Ironies in Italy: A Reflection

Written by Lisa Hagen

Italy is filled with life’s little paradoxes.

For example, Italians drive super fast, BUT eat really slow.

Case in point.  Today I was nearly killed several times by speeding motorcycles, fiat automobiles, as well as a little kid on his bike.  If something has wheels, the Italians have a need for speed.

On a return trip from a hike this afternoon, a motorcycle cruised by me at a speed no less than 90 mph, only to be followed by a tiny BMW that was right behind him going something close to 80. I’m  fairly certain  I saw a grey-haired man driving behind the wheel. 

 Twice on my approach into this walled-city, three teenagers on their motorized velos swooped around me while I froze stiff against the stone wall, flattening myself as much as possible to get out of the way.

 Just a few blocks later, a boy about eight or nine almost took me out on his bicycle when I rounded a corner and surprised him. 

 Italians like speed.  No wonder it is the birthplace of the Ferrari.

 They like speed, that is, until it is time to eat dinner, or drink a cappuccino, or enjoy a scoop of gelato.  Then the Italians shift into low gear. 

 Dinner around here just gets going around 8:00 or 8:30 or maybe even 9:00 or 10:00 if you’d like.  And even then, once it gets going it involves a minimum of three courses – starter course, pasta course, and then the meat course…of course!  That doesn’t even begin to consider the possibilities of wine pairings with each course or the inevitable temptation of dessert.

 Time investment?  You’ll be set back at least 2 or 2 ½ hours and that’s if they recognize you are American and speed it up a bit.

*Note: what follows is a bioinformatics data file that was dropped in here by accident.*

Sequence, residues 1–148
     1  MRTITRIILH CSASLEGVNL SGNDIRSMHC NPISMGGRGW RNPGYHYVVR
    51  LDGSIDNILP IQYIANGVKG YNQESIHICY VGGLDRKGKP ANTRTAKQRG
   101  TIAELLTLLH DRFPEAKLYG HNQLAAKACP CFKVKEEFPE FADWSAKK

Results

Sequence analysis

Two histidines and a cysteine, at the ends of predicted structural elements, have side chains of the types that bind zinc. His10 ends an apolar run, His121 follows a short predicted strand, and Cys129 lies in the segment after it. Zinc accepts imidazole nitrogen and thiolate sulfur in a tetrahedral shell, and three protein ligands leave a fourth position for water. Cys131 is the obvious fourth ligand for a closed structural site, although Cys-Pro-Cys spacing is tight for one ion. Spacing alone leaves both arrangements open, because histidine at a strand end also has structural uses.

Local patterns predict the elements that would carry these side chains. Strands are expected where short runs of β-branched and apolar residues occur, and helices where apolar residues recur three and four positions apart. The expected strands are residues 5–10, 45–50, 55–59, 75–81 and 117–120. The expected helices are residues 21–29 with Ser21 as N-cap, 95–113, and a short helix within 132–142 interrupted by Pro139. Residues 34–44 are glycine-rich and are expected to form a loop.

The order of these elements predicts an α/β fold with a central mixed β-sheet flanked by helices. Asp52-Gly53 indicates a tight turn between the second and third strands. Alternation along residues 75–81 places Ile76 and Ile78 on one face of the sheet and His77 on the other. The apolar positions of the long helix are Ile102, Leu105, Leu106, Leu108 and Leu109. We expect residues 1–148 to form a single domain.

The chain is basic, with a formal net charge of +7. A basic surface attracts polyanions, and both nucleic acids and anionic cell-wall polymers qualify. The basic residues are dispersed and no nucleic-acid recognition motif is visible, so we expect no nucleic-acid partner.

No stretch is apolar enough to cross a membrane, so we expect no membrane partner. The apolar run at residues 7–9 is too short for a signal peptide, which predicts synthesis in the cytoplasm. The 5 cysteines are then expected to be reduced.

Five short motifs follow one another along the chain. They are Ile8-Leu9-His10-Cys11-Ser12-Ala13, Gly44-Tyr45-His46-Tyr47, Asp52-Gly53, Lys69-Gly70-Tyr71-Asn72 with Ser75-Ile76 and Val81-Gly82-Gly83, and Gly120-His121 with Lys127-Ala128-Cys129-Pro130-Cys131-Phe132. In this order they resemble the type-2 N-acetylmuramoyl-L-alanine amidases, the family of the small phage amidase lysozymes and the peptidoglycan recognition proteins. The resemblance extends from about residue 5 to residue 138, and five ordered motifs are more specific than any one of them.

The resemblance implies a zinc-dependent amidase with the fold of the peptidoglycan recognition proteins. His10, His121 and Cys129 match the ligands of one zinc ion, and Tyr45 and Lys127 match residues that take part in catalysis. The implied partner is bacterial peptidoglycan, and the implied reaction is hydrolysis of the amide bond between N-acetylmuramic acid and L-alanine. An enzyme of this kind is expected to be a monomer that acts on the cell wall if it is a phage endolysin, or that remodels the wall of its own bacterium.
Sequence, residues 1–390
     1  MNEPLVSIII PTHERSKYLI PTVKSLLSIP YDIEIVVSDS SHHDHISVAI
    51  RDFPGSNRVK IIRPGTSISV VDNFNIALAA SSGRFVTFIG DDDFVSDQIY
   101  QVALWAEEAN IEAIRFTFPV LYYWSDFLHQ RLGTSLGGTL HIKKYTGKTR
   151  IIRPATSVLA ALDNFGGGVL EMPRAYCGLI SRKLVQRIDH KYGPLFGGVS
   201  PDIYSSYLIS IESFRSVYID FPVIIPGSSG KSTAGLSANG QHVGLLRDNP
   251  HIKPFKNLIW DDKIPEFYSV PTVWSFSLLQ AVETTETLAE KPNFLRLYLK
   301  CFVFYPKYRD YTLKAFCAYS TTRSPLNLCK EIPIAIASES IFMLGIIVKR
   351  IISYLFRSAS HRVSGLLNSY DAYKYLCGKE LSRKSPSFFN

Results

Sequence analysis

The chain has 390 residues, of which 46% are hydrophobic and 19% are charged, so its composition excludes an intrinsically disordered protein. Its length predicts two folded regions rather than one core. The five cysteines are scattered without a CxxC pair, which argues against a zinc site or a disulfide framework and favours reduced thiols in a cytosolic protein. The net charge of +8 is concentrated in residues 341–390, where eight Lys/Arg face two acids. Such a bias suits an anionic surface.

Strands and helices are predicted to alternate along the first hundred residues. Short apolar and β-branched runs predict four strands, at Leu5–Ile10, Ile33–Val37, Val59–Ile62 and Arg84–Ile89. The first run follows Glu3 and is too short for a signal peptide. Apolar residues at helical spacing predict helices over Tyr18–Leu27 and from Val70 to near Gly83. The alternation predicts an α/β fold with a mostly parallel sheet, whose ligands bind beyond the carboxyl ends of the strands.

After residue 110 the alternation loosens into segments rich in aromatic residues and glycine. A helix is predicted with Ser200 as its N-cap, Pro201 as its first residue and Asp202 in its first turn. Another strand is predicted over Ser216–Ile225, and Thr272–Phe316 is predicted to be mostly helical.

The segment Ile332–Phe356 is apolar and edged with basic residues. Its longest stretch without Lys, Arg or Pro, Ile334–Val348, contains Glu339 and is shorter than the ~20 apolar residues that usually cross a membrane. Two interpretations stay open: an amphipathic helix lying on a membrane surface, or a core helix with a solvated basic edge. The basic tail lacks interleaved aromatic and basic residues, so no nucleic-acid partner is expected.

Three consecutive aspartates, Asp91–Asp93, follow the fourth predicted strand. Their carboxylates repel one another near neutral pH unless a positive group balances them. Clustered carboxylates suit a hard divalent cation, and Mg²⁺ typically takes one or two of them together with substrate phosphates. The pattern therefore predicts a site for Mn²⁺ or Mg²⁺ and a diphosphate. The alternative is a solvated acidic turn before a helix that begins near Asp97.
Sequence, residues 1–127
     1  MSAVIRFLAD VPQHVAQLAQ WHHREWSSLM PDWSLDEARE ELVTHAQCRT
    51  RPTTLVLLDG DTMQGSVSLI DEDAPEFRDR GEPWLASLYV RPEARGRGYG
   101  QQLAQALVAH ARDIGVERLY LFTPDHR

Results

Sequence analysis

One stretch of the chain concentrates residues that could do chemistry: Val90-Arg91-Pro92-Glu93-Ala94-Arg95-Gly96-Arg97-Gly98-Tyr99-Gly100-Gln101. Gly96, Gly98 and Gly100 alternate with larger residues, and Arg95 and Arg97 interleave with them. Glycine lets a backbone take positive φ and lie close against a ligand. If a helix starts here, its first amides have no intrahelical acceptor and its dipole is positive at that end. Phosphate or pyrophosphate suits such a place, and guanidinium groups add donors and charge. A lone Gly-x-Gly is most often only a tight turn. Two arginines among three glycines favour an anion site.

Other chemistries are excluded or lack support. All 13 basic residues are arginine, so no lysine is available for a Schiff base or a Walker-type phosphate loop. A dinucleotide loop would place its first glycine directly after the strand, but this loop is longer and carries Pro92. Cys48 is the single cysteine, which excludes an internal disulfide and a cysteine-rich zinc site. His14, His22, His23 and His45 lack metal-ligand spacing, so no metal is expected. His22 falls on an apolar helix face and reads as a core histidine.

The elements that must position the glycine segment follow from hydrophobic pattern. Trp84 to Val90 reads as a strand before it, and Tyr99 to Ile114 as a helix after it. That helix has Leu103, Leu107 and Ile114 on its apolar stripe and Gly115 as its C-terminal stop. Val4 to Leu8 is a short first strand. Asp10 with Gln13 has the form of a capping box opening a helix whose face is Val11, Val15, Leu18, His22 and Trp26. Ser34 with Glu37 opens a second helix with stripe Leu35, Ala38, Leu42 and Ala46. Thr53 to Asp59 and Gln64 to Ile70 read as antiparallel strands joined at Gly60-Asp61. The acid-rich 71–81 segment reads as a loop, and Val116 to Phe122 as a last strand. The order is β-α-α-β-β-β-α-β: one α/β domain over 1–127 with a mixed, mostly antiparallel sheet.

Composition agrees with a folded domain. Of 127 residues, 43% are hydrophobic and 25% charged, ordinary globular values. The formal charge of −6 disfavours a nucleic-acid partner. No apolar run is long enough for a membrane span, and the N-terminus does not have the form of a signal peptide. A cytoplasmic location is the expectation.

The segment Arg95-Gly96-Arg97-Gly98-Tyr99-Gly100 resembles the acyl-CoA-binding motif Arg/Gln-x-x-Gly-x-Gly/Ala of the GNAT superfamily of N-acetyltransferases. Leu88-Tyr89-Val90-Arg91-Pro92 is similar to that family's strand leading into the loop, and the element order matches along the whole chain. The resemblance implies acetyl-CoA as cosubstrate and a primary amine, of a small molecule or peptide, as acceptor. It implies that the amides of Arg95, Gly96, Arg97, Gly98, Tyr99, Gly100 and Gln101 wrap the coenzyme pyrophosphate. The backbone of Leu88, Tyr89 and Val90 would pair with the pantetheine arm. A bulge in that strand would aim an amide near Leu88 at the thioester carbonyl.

The Italian coffee experience works much the same way.  No one orders a tall, skinny macchiato to go.  No one even thinks about ordering anything to go.

On several occasions I’ve watched  people slide into an Italian bar, order a small shot of espresso or café, take two or three sips, and then slip back out the door within three minutes or less.  That’s even quicker than getting through the drive through at McDonalds for a McCafe Latte.  The Italians don’t seem to mind that they don’t have time to drink a whole cup.  And it certainly doesn’t occur to them to try to “speed it up” a bit by drinking it on the run.  Ironic for a people that can’t seem to slow down on the roadway! 

 But that’s not the only irony that the Italian culture presents. 

The Italians notoriously value family.  How many jokes have you heard about Italians and their mothers?  From the experiences we’ve had here in Cagli with the locals, it sounds like those jokes may not be far off.  The average Italian lives with his/her parents well into their late 20’s or early 30’s.  Many Italians prioritize living near their immediate family and take care of their parents into their retirement years.

 But Italians also don’t get married.  And they don’t have kids.  Their birth rate is less than one child per person which currently puts them in a negative population growth rate. 


Despite the many paradoxes; however, Italians have captured my heart.  Despite the cultural differences, I sincerely hope that when I return to the states I will be able to hold onto some of the things I’ve come to value the most about my time here in Cagli.

 I hope I will eat more gelato. And eat it more often.

 I hope I will slow down, worry less about my “to do” lists, and take time to visit with friends –at length—when I run into them in public places.

 I hope to remember what it felt like to be without language and to feel like a minority.  I hope I will remember how powerless I felt when I couldn’t read a menu or a bus schedule or a road sign.

I hope I remember how heartbroken I was when I couldn’t understand an elderly women I was photographing  in the street window  as she gestured and tried to tell me her life story.  Her desperate search for her wedding picture, framed and yellowed from exposure, substituted for my miserable apology . “Mi dispiace, no copisco Italiano” ( I’m sorry, I don’t understand Italian.) I hope I remember how disappointed I was that language separated us, even though our life stories did not. 

 And mostly I hope I will become increasingly discontent with being a tourist rather than a global citizen.

I hope I will think more bravely about how I want to travel in the future.  I hope I will be less content to stay at the Fairmont Hotel in Paris and much more interested in spending a month studying French in Provence or teaching English in Cambodia. 

 I hope I will return from this trip not the same person I was when I left 17 days ago.

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